Actually, it is the pricking of my fingers.

Every six months or so, my doctor orders some tests for me, some involving drawing blood. As a person suffering from high blood pressure much of my life, I am an especially good candidate for kidney failure or diabetes.

I would go to the HMO’s lab door, take a numbered ticket, and wait my turn. As the phlebotomist struggled to find a good vein, I would grit my teeth, look the other way, and make a sour joke about drug addicts who stick needles in themselves on purpose.

Eventually, the HMO would tell me that I don’t have kidney disease or diabetes, much to my relief.

However, after my last test, my lab results said that I was “pre-diabetic.” When I emailed my doctor asking what I should do, he said I should be tested again.

A few days later, I had to go in for a pre-cataract surgery checkup. My doctor was away (probably goofing off), so I went to a substitute doctor. I asked him what pre-diabetic meant.

He told me it was a natural part of aging. “We all become diabetics eventually,” he told me cheerfully, ” though we can put it off for a long time.” He told me to eat green and blue foods and instead of junk foods. I told him we have a large garden and grow our own lettuce, broccoli, and blueberries.

“Good,” said the subdoc, with the weary air of someone whose patients lie to him all the time. However, in this case, I was telling the truth, though my wife’s nagging gets most of the credit. Also, I have lost about 40 pounds over the last two years, my blood pressure (which I now test myself) is at respectable levels, and my constant treadmill plodding has reduced my resting heart rate to something like an athlete’s, though I am not going to enter the Tour de France next year.

The subdoc also told me I should start testing my blood glucose levels and scheduled me with a nurse for training.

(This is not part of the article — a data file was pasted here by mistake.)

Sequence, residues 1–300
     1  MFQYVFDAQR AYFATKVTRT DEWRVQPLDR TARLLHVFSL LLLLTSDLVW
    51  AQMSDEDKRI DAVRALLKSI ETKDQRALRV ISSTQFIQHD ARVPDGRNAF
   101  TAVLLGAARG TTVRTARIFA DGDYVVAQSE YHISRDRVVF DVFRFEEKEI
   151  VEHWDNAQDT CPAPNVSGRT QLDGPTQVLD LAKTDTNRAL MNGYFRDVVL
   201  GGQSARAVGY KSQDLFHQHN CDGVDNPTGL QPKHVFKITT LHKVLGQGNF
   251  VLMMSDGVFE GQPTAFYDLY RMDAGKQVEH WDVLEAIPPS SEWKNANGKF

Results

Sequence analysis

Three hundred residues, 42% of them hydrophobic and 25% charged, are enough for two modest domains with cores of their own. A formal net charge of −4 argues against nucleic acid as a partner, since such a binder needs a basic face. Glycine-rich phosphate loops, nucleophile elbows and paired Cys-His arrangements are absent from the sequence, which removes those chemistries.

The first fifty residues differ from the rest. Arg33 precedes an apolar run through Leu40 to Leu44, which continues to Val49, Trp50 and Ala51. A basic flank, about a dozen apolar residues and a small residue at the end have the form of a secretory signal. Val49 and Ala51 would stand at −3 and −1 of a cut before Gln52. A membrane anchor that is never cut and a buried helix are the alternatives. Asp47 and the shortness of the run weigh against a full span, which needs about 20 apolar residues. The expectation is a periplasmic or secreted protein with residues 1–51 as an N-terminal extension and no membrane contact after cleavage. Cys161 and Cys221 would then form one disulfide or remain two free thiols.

A few weeks later, I met with an eqally upbeat nurse who provided me with a kit of equipment and educational materials. She showed me the monitor. “First you program in the date and time. Then you draw some blood and test it with this little strip. Though first, you use a drop of control solution to make sure it is working.” She told me all this quite expeditiously, as if I understood what was going on.

She warned me that each pack of control strips has an identification number. The number on the monitor screen has to match; if it doesn’t I have to push little buttons until it does. Then she showed how the test results appear on the tiny monitor screeen.

 

Then she got to the good part. “Here is the lance. You twist this little cap off, then you insert it into the slot. Then you jab yourself in the finger so you get a drop of blood. You touch the end of the strip and after a few seconds your score appears. Then you can choose from various comments, such as if your test is before you eat or after you eat. This booklet will tell you more about the process.

“Here, you try it. Stick the needle into the side of your finger. Good, there’s some blood. Put it on the strip.” After a few seconds, a number appeared. “That’s a good number. You may not need to keep doing this very often” she said. That sounded too good to be true.

 

She also gave me a confusing plastic box for the safe storing of my used needles.

With the cataract surgery going on, I kept convincing myself to avoid sticking myself. But as my eye healed, I decided I had to force myself to confront this unpleasant task. Naturally, I had forgotten everything the nurse had shown me. The instruction booklets she had given me were written for diabetics, which also depressed me. After lots of blundering and smearing blood around, I eventually got the hang of the process.

It was not clear to me how often I should be testing myself or what score I was looking for. There seemed to be something about doing it before I ate and again two hours after I ate, and leaving notes on the monitor whether I had been exercising before the test, or ill (I presume with swine flue or the like).

I came up with six scores (recorded over three days), sore fingers, and considerable self pity. Today I am going in to see my regular doctor where I will discuss my scores and how often I need to stick myself. I am grossed out by the whole business, and no doubt you are also by now. I just wanted to give you something cheerful to look forward to when you grow old.